Senior full stack developer and CTO at Ideamotive.
Microservices is an architecture type where you do not build one big monolithic application but create a collection of small services, functions that work on their own and connect with other services through protocols.
The main principle of microservices is service-oriented architecture. It means that they are standardized, barely depend on each other, can be called from anywhere, designed to live long, and are of adequate size and scope, etc. It also should be relatively easy to add initially unplanned services to the application.
This type of architecture has blown up recently.
According to the O’Reilly report on microservices, 61% of organizations have used microservices for a year or more and 28% used this practice for at least three years. At the same time, 54% of survey respondents indicated that they used them most successfully.
It is not surprising since organizations started to create more complex applications that fulfill numerous functions at once. Monolithic applications are not the best decision for this type of app and, therefore, companies started to actively utilize microservices. Thus, they were able to fit all the enterprise functions and operations in one app rather than using numerous, often incompatible apps. Such big companies as Amazon, Netflix, Uber, and eBay already benefited from microservices.
In this article, we are going to explain the impact of microservices on the product, what companies can benefit the most from them, and what you need to approach building microservices in Java. We will also briefly discuss types of microservices in Java, their pros and cons, Java microservices example implementation, and the talent pool.
Long story short, we have compiled everything you need to know about microservices in Java.
Is Java Good for Microservices?
You may be asking yourself: why did we choose Java when it came to microservices? This language is one of the top-five technologies for microservices, alongside Golang, Python, .Net, and C++.
The main reason why Java has become our personal top choice is its annotation syntax. The more difficult the application is (and microservice applications are usually extremely complex), the easier language should become. Otherwise, you will be simply lost in the tones of unreadable code and opportunities to break something. Java’s syntax is very easy to read and, therefore, you can focus on building a wide system rather than figuring out the code.
Java also offers numerous helpful resources for microservices: user Interface, model components, ability to connect to back-end resources, such as Java EE standards like JAX-RS for APIs, JPA for managing data, CDI for dependency injection, and lifecycle management. There are also some frameworks that speed up the back-end development process: Spring Boot, Dropwizard, Restlet, and Spark.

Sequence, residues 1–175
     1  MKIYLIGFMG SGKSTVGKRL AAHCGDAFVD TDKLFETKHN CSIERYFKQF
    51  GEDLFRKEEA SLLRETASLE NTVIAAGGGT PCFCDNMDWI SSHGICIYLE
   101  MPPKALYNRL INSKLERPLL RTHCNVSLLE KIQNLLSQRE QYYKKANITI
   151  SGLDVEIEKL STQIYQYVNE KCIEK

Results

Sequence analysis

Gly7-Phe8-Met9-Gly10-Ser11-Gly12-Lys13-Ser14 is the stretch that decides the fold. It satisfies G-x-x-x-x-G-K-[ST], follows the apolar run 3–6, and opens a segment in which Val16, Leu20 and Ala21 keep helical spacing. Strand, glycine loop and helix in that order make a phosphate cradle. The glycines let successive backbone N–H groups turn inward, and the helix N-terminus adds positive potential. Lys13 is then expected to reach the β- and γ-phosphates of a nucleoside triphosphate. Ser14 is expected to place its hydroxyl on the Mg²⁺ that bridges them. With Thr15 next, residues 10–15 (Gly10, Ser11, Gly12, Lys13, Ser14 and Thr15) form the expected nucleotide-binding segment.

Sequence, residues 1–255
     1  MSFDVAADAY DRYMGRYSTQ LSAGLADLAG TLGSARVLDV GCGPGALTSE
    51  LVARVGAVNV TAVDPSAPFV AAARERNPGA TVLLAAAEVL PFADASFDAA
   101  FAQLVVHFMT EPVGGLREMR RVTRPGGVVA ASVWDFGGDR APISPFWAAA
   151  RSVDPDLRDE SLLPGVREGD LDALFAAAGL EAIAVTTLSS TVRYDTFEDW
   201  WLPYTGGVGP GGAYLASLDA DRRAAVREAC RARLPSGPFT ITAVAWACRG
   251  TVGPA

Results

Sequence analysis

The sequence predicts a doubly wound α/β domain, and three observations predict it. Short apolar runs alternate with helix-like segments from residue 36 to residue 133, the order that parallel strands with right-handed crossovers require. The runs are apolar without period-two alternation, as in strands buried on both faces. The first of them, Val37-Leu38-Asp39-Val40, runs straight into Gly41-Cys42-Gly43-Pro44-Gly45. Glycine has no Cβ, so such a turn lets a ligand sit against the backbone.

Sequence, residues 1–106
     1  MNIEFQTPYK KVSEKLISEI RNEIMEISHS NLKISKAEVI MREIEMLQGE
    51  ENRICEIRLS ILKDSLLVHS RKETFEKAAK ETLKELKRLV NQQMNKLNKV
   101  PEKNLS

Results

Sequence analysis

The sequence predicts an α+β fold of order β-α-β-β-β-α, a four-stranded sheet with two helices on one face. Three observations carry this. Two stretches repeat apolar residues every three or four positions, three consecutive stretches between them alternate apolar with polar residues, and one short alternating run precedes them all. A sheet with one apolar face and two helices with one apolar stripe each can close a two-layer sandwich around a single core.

The state of Java is also very stable, with it being one of the most popular languages in the industry. Consequently, you are unlikely to face a labor shortage.
All-to-all microservices and microservices with event-driven architecture are the most popular types of Java microservices that serve the needs of different projects. If you are not sure what architecture type would work best for your product, it’s better to contact an experienced software development vendor to assist you.
Java Microservices - Impact on the Product
Java microservices have a big impact on the business: you can reduce costs and drive a better user experience.
We do agree that microservices need a significant upfront investment: you have to find web developers who can work with microservices and deal with organizational investment in small cross-functional teams. However, it is nothing compared to a long-term return of investment. The costs of maintenance will go down since you can avoid exhausting tests of the whole application after an update. It is unlikely that the work of the entire enterprise will come to an end because one part of the application fails.
You will also be able to improve the quality and speed of your software through microservices. Microservices is an investment into the future: such applications do not grow outdated and with tons of technical debt as quickly as monolith applications.
Microservices have fewer downtimes, are easier to scale, offer many automation tools, and work faster which creates a better user experience and smoother operations across the enterprise. You can also quickly add services on demand if your employees ask so.
When to Use Microservices in Java?
As with everything in life, there is no solid answer to the question of whether microservices are good or bad. The better question to ask is whether this architecture type is suitable for your business.
Microservices are a go-to solution for big companies who need to fit numerous parts of the enterprise within one app and easily scale. If you have a complex project, developers with microservice knowledge, a big tech team, and enough budget, microservices will change your life for the best.
However, some experts say that you need a really good reason to opt for microservices. Microservices need a lot of upfront investment in time and costs: you have to spend some time to figure out the network, and microservice apps are usually more expensive. The ROI is definitely great but it will only work if you are a big business operating in the long term. Therefore, it is not the best solution for startups and small businesses since they do not need a complex solution and do not have the budget and time to deliver it.
You may think that startups are the ones who will need to scale and so microservices are a must. It is logical but you can not be sure that someone will actually want your product or that you will be moving in the exact same direction. Uber, for example, started as a limo renting service and now they are the most famous ride-sharing company for all classes.